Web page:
T. M. Devine. The Scottish Clearances: A History of the Dispossessed, 1600-1900 (2019)

Ernle Bradford, The Great Betrayal: The Great Siege of Constantinople (2014)

*Peter Heather, The Fall of the Roman Empire: A New History of Rome and the Barbarians (2007)

Alistair Moffat, Arthur and the Lost Kingdoms (1999)

Alistair Moffat, Remembering Charles Rennie McIntosh (1998)

Alistair Moffat, Before Scotland: The Story of Scotland Before History (2005)

*Alistair Moffat, To the Island of Tides: A Journey to Lindisfarne (2019)

Alistair Moffat, The Faded Map: Lost Kingdoms of Scotland (2010)

James Shapiro, The Year of Lear: Shakespeare in 1666 (2015)

**Matthew Kneale, Rome: A History in Seven Sackings (2019)

***David Coles, Chromatopia: An Illustrated History of Color (2019)

Alistair Moffat, The Highland Clans (2010)

*Simon Thurley, Whitehall Palace: An Architectural History of the Royal Apartments, 1240-1690 (1999)

David Zucchino, Wilmington's Lie: The Murderous Coup of 1898 and the Rise of White Supremacy (2020)

*Peter Ackroyd, Queer City: Gay London from the Romans to the Present Day (2019)

Peter Ackroyd, Tudors: The History of England from Henry VIII to Elizabeth I (2014)

Peter Ackroyd, Dominion: The History of England from the Battle of Waterloo to Victoria's Diamond Jubilee (2019)

Peter Ackroyd, Revolution: The History of England from the Battle of the Boyne to the Battle of Waterloo (2017)

Peter Ackroyd, Rebellion: The History of England from James I to the Glorious Revolution (2015)

Peter Ackroyd, Civil War: The History of England, Volume III (2015)

***Toby Green, A Fistful of Shells: West Africa from the Rise of the Slave Trade to the Age of Revolution (2020)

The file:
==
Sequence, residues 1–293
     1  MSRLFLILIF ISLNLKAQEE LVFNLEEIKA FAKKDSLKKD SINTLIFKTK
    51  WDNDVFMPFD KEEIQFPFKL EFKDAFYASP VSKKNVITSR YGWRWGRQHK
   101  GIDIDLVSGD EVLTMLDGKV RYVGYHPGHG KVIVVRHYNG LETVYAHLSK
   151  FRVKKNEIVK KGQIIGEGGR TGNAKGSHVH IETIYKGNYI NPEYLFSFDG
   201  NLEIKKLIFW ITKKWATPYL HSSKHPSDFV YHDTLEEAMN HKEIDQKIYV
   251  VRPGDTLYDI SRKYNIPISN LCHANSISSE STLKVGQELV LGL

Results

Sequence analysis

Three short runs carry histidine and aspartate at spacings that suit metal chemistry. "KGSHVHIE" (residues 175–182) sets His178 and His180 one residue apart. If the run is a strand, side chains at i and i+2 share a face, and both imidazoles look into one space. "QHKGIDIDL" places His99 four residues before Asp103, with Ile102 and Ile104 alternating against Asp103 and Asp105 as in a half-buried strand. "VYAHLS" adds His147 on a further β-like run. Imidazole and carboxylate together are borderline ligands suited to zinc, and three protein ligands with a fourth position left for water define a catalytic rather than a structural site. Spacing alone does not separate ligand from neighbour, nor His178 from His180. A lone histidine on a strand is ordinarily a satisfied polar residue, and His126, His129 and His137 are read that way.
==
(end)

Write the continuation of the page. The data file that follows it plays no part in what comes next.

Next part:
31 December 2020

"if hindsight's 2020, i think i'm going blind"

 lights and sound at atl bot gdn w/ robt was a fine way to end this miserable year and welcome the new one, whatever it may bring











26 December 2020

happy critters


 

hobbies

during the last century or so, it has been difficult to focus on anything useful, what with the covids, the horrors of trumpistan, and a totally insane election season — but we can see the end of all of that now:  the recent equinox has surely begun to grow the light again

in the meantime, i have, as recently as the present day, finished messing with my latest projects: atlanta's indian trails, which maps trails delineated in the state's first surveys of this part of the world after we stole it from the muscogee in 1821; improvising the peachtrees, which is a history of peachtree street and peachtree road from the time god made dirt to recent memory; and looking for the road to standing peach tree, which is just what it says, a guide to the route of the original 1814 peachtree road as it exists today 

i have hard copies as well as web versions of them all done and posted, but the seeds of all three were in what started with research for a history of midtown atlanta in 2014, which i may or may not pick up again

20 October 2020

dog water

one of dog's many endearing qualities is his insatiable need for water — a quart and a half and more per day, which is a lot for a 40-pound dog — he's been that way from the beginning, but the vet checked him out and thinks it's just a habit — all that water has to be processed and eliminated and he's gotten purty good at holding it — for nearly five hours before this video was shot the other night

19 October 2020

the liberry